Shy or Fearful Cats

Medically Reviewed by Vanesa Farmer, DVM on March 16, 2023
3 min read

It’s not uncommon for cats to be scared of people they don’t know. They may be affectionate and calm with their family but fearful when other people visit. 

There are several reasons for this, including:

Lack of exposure. Shy cats may have lacked exposure to different people when they were kittens, especially between the ages of 2 to 7 weeks. Cats who have been exposed to different types of people may still feel afraid of certain kinds of people they haven’t come across often, such as children.

Timid personality. Fear is a natural characteristic in animals, and some cats may just be born with more fearful personalities.

Loud noises. Visitors tend to be accompanied by loud noises like laughing, loud talking, and things being moved about, which can add to skittish cats’ anxiety. 

If your cat’s behavior changes suddenly, it could mean they are sick. Hiding and aggression are some common symptoms of illness. See your veterinarian to rule out any medical reasons for a change in behavior.

If you have a shy kitten, expose them to people of different ages, sizes, ethnicities, and genders. When your kitten approaches a new person, give a reward, praise, and attention.  

If you have a skittish adult cat, it will take some time to get them comfortable around visitors. A gradual approach and rewards may help a shy cat. If possible, have a friend come over to play the part of a visitor. The goal is to reward your cat for staying calm in the presence of a stranger. Have your visitor start from a distance, then slowly get closer over several sessions.

When you have guests over, the following may help:

Create a safe space. Create a calm area for your cat to hide if they need to. This should be a room they’ve already spent time in. Provide food, water, and a litter box, and make sure your guests respect your cats' privacy.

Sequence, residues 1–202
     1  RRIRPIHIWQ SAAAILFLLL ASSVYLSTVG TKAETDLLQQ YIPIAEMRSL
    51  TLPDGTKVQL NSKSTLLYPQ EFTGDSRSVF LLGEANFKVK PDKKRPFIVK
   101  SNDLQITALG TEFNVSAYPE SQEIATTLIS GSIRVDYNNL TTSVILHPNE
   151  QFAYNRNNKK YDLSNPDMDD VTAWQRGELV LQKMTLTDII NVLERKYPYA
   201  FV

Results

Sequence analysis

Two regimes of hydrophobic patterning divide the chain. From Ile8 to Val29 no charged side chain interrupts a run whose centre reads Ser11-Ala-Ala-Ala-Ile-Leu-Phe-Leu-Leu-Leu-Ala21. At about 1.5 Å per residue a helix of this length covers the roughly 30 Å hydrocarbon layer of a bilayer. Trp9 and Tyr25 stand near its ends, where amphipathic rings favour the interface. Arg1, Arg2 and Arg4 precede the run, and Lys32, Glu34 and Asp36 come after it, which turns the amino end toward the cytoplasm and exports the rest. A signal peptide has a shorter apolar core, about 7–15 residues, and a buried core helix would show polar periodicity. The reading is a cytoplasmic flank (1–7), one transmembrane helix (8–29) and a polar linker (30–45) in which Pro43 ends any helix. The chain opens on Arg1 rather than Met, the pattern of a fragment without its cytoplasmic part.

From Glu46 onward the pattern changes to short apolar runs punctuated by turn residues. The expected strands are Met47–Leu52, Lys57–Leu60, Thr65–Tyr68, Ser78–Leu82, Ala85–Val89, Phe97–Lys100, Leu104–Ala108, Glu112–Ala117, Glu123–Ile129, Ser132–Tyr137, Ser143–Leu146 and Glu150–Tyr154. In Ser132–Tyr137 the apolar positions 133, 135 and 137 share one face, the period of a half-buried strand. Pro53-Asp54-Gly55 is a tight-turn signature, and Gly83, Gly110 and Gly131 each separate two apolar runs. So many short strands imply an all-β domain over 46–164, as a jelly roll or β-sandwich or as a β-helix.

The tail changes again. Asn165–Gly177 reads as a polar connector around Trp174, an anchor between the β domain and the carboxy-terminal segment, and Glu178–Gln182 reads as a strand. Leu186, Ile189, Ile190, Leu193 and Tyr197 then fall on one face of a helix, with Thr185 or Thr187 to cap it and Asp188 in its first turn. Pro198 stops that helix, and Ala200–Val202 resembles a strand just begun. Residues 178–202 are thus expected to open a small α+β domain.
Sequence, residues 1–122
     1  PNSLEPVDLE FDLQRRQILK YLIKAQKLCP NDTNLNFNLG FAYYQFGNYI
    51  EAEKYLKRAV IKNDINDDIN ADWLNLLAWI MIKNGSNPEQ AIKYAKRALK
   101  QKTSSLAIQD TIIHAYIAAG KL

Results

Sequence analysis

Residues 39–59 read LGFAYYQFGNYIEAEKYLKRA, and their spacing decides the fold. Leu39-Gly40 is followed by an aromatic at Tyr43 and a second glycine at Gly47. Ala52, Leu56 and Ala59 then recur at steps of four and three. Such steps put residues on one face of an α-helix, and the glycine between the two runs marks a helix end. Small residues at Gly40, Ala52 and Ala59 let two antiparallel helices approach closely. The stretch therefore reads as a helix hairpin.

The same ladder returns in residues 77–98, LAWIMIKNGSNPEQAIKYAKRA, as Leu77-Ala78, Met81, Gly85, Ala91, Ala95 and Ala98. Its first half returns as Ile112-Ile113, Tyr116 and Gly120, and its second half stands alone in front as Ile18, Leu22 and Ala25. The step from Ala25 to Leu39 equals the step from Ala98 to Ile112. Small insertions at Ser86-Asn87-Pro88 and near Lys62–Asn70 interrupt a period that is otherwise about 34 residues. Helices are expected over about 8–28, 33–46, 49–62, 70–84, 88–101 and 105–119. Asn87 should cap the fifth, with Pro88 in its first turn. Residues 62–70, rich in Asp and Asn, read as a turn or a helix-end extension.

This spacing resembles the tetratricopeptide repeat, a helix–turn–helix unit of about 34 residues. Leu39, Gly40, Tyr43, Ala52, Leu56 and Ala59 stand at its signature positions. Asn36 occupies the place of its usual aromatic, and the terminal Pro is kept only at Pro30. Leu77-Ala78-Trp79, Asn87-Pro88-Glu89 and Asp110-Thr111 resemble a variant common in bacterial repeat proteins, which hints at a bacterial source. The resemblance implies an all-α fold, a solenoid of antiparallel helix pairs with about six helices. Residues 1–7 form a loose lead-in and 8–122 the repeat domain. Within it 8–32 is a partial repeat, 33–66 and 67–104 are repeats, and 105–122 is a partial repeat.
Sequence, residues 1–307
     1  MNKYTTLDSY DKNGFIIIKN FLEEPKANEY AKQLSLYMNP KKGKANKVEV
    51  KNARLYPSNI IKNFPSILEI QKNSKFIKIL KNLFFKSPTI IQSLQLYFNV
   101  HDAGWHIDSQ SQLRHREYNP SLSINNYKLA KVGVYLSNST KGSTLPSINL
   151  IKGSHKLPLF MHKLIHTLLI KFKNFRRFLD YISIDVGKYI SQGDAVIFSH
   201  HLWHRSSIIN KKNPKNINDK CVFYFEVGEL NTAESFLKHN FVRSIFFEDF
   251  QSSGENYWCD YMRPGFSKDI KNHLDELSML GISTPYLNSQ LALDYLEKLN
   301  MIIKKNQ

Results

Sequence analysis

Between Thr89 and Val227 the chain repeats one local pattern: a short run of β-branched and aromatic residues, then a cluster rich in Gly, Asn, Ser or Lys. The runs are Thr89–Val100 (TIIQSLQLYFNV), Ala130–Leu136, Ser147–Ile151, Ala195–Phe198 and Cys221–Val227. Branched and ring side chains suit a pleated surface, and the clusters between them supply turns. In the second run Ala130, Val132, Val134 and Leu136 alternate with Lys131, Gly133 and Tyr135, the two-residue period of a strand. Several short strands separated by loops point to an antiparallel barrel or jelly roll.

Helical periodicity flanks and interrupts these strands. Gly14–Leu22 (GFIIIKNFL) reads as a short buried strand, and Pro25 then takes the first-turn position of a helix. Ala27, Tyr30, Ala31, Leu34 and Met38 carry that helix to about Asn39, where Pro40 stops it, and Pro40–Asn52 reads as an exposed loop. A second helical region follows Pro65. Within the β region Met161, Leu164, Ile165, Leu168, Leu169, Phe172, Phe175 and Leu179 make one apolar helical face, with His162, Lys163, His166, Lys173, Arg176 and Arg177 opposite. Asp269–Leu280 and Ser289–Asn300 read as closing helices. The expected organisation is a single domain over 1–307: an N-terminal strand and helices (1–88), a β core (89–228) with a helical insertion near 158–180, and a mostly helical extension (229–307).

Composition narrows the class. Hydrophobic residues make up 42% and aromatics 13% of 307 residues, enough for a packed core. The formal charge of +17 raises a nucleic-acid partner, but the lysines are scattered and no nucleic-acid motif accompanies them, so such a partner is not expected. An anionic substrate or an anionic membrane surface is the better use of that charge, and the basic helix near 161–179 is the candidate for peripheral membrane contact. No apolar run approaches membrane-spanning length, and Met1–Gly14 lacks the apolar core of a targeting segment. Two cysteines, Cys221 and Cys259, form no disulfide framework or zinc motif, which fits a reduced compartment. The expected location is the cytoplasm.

Stick to one area. Restrict your guests to one part of the house so that your cat feels comfortable walking around the rest of the house.

Let your cat approach. Ask your visitors to let your cat approach them instead of the other way around. People approaching your cats directly can be seen by them as threatening.

Stay seated. Have your guests sit down and avoid staring directly at your cat. Try not to startle your cat with sudden movements or loud noises.

Offer treats and toys. Offer your cat healthy treats at a distance from your visitors. Some cats may be play-motivated, and toys or games can bring them out of hiding. As you repeat these behaviors and your cat becomes less skittish, decrease the distance between the visitor and your cat. If your cat shows signs of anxiety, move to a more comfortable distance for them and try again.

Give it time. If your cat hides, don’t force them to come out. It can take time to change a skittish cat’s behavior, so be patient and don’t expect too much too soon. Unfortunately, some cats may never feel comfortable with physical interaction with a stranger. 

Use food as a bonding tool. Instead of leaving food out all day, feed your cat at scheduled times. This will help them build positive associations with people and trust you more.

Provide a high viewpoint. Your cat may feel more comfortable observing visitors from a higher spot. This includes shelves, cat trees, or cat beds placed on top of furniture. 

Use a calming odor. Use a product that imitates a soothing natural cat odor around your house before visitors arrive. You won’t be able to smell it, but it may help calm your cat.

Never punish your cat for running away or hiding from guests. Punishment can make them more fearful.

Don’t pull your cat out of its hiding place or force them to be held by someone. This will only increase their fear and could also result in bites and scratches.